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robe

I own a new bathrobe.

It’s Turkish white cotton and it replaces one that I have worn since 2007. When my mother died, I brought her bathrobe home with me and, for a decade, it served as the hug she could no longer deliver. It wasn’t expensive – its value was in its sentiment. Big and fluffy, it tumbled through the washer and dryer thousands of times until loose threads began to appear and, like my mother, it perished.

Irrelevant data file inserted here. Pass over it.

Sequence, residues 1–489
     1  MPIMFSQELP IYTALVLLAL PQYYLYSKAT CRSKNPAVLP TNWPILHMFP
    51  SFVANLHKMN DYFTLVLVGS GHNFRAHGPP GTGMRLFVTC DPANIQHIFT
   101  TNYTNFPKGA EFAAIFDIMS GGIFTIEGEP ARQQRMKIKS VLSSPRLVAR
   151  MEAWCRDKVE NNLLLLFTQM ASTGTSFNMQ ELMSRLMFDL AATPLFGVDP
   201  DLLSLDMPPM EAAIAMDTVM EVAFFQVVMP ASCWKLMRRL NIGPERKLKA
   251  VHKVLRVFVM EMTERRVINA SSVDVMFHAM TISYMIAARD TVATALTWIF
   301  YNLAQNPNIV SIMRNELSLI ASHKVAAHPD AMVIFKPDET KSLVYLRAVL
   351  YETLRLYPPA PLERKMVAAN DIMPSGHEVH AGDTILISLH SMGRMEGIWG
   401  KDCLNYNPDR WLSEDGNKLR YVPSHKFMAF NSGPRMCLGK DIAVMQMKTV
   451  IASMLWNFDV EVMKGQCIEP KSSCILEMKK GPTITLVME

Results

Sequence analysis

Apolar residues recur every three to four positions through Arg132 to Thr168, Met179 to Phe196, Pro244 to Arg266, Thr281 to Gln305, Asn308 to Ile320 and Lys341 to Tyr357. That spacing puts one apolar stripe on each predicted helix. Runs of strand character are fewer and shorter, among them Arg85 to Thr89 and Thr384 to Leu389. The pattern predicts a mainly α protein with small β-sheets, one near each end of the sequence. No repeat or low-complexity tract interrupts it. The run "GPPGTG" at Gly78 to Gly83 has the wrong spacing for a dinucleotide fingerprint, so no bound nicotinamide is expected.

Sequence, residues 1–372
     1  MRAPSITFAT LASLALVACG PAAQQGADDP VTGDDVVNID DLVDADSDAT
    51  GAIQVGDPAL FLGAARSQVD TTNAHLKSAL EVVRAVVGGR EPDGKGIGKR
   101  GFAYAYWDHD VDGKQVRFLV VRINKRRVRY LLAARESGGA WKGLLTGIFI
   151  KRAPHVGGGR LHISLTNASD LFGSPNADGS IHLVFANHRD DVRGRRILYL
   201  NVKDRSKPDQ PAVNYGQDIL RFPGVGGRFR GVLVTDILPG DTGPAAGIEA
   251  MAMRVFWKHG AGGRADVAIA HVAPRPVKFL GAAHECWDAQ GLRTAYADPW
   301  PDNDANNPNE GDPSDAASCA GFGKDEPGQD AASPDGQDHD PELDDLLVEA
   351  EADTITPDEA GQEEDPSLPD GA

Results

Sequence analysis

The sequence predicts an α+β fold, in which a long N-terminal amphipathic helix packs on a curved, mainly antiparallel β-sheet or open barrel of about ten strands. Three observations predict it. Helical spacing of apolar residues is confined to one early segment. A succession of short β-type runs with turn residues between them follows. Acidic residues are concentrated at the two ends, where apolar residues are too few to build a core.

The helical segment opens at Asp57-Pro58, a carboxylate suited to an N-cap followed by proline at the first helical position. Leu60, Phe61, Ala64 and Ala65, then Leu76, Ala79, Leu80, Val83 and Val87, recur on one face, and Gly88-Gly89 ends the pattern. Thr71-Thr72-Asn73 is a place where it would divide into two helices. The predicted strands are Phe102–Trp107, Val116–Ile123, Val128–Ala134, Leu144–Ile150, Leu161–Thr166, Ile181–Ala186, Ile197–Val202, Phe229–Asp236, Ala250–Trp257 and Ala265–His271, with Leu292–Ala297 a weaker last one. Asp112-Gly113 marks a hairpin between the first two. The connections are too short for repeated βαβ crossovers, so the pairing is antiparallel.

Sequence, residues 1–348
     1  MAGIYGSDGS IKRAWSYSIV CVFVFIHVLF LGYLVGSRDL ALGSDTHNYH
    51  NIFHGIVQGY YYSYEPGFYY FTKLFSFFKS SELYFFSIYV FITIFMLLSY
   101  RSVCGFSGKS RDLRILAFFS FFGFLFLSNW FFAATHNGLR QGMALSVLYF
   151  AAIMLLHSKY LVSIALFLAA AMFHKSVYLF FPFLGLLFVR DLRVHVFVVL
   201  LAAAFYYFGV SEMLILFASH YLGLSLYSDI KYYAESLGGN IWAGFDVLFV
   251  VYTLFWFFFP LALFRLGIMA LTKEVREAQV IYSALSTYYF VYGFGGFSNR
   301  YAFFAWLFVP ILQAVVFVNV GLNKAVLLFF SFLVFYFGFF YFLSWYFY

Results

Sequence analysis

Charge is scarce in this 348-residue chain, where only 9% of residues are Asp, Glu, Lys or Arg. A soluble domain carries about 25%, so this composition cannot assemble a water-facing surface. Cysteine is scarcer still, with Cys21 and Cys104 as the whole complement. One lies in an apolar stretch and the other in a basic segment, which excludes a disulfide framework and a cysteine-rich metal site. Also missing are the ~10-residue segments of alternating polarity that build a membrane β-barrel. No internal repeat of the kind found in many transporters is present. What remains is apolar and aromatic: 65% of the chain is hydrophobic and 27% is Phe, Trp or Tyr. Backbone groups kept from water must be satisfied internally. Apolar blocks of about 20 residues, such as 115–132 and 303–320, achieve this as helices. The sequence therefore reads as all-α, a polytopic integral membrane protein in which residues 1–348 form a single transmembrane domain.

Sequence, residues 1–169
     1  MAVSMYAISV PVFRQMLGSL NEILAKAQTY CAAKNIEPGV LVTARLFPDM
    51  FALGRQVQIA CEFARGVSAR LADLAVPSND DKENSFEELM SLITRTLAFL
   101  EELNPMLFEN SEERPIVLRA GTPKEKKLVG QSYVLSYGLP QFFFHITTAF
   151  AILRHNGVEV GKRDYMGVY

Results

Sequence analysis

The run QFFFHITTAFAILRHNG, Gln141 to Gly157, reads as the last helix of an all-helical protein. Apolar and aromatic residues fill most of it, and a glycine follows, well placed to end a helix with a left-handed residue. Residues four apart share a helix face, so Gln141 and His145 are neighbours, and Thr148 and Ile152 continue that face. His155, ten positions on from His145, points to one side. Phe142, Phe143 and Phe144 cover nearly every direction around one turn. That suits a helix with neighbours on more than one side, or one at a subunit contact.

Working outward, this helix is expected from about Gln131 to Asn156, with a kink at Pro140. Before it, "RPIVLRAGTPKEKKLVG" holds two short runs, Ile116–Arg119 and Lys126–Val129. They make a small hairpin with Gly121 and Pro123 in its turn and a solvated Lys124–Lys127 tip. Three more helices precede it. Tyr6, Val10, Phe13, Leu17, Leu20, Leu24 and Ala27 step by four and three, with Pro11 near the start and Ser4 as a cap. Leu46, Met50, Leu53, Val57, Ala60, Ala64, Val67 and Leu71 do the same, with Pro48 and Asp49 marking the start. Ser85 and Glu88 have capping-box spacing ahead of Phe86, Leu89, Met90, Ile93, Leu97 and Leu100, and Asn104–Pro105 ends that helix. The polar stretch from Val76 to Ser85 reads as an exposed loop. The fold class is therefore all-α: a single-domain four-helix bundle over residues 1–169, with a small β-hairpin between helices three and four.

Finally, I was ready to let it go. Parting with an item (like a robe) may simply be a matter of accepting the end of certain relationships and understanding how the physical objects around us have served as their emotional accomplices.

I still miss my mother, of course, but I think she would be pleased to see me wrapped in a new bathrobe – especially one that looks a lot like hers.

 

 

Renee Garrison is the award-winning author of The Anchor Clankers.